Bitcoin achieved a remarkable rise in 2020 despite many things that would normally make investors wary, including US-China tensions, Brexit, and, of course, an international pandemic. From a year-low on the daily charts of US$4,748 (£3,490) in the middle of March, as pandemic fears took hold, bitcoin rose to just below US$30,000 by the end of the year. Since then it has climbed to all-time highs above US$38,000, making headlines day after day and driving up the prices of other cryptocurrencies at the same time. This article lists the top reasons behind Bitcoin’s highest surge in price.
To further understand why Bitcoin has a verifiable finite limit to its quantity it is important to understand the mechanism built into its code known as the Halving. Every 210,000 blocks that are mined, or about every four years, the reward is given to miners for processing Bitcoin transactions is reduced in half.
In other words, Bitcoin is a synthetic form of inflation because a reward of Bitcoin given to a miner adds new Bitcoin into circulation. The rate of this inflation is cut in half every four years and this will continue until all 21 million Bitcoin is released to the market. Currently, there are 18.5 million Bitcoins in circulation or about 88.4% of Bitcoin’s total supply.
With Bitcoin, each halving increases the assets stock-to-flow ratio. A stock-to-flow ratio means the currently available stock circulating in the market relative to the newly flowing stock being added to circulation each year. Because we know that every four years the stock-to-flow ratio, or current circulation relative to new supply, doubles, this metric can be plotted into the future.
Since Bitcoin’s inception, its price has followed extremely close to its growing stock-to-flow ratio. Each halving Bitcoin has experienced a massive bull market that has crushed its previous all-time high.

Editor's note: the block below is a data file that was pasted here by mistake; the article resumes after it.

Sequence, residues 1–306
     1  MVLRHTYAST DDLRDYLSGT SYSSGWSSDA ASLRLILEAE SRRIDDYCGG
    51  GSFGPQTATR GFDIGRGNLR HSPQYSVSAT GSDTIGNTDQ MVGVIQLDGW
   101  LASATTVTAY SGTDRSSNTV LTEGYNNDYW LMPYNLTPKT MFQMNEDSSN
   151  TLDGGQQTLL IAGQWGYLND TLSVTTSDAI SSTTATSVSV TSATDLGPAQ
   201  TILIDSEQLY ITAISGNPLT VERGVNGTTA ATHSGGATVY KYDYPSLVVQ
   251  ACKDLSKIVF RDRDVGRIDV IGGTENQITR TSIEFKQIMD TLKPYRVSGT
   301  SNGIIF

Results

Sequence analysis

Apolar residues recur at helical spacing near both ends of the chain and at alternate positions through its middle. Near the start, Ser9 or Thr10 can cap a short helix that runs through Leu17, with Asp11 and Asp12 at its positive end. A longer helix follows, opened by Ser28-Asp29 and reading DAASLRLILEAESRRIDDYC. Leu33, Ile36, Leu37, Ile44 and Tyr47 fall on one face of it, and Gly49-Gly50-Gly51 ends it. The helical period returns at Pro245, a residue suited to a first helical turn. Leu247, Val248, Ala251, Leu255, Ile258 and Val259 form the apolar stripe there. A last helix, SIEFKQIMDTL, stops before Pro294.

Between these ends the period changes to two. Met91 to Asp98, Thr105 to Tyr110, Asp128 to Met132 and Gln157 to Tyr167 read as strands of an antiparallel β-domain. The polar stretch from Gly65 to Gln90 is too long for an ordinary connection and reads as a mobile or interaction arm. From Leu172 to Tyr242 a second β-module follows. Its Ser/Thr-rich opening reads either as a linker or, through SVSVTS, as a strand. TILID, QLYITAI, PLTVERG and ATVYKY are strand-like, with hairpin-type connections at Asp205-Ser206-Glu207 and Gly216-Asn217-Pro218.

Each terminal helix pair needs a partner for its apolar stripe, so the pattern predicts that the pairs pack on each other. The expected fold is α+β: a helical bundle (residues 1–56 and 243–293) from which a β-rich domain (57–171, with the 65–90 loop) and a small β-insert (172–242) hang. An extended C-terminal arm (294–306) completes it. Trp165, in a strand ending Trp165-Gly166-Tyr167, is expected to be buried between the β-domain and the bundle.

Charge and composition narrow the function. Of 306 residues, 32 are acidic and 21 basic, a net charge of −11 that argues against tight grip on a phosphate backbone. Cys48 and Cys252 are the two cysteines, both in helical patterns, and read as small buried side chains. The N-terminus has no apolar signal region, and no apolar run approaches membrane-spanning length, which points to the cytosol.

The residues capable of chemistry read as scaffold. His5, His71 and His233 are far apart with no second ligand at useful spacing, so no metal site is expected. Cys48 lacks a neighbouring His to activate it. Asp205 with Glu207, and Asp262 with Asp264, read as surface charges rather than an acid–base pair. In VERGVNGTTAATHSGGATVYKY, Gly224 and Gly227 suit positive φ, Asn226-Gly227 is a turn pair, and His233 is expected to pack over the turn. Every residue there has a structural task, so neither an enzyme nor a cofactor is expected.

Several institutions, both public and private, have been accumulating Bitcoin instead of holding cash in their treasuries. Recent investors include Square (SQ), MicroStrategy (MSTR), and most recently the insurance giant MassMutual, among many others. In total, 938,098 Bitcoin now valued at the time of writing at $19,450,247,760 has been purchased by companies, most of which has been accumulated this year. The largest accumulator has been from Grayscale’s Bitcoin Trust which now holds 546,544 Bitcoin.
Central banks and governments around the world are also now considering the potential of a central bank digital currency (CBDC). While these are not cryptocurrencies as they are not decentralized, and core control over supply and rules is in the hands of the banks or governments, they still show the government’s recognition of the necessity for a more advanced payment system than paper cash provides. This further lends merit to the concept of cryptocurrencies and their convenience in general.
From its initial primary use as a method to purchase drugs online to a new monetary medium that provides provable scarcity and ultimate transparency with its immutable ledger, Bitcoin has come a long way since its release in 2009. Even after the realization that Bitcoin’s and its blockchain tech could be used for way more than just the silk road, it was still near impossible for the average person to get involved in previous years. Wallets, keys, exchanges, the on-ramp were confusing and complicated.
Today, access is easier than ever. Licensed and regulated exchanges that are easy to use are abundant in the US. Custodial services from legacy financial institutions that people are used to are available for the less tech-savvy. Derivatives and blockchain-related ETFs allow those interested in investing but fearful of volatility to become involved. The number of places where Bitcoin and other cryptocurrencies are accepted as payment is growing rapidly.
Also, part of Bitcoin’s price appreciation can certainly be attributed to fears of inflation and its use as a hedge against it. With further money printing on the horizon from stimulus packages, as well as talks of student loan forgiveness from the Biden administration, it is fair to say that inflation will continue, making the case for store-of-value assets more compelling.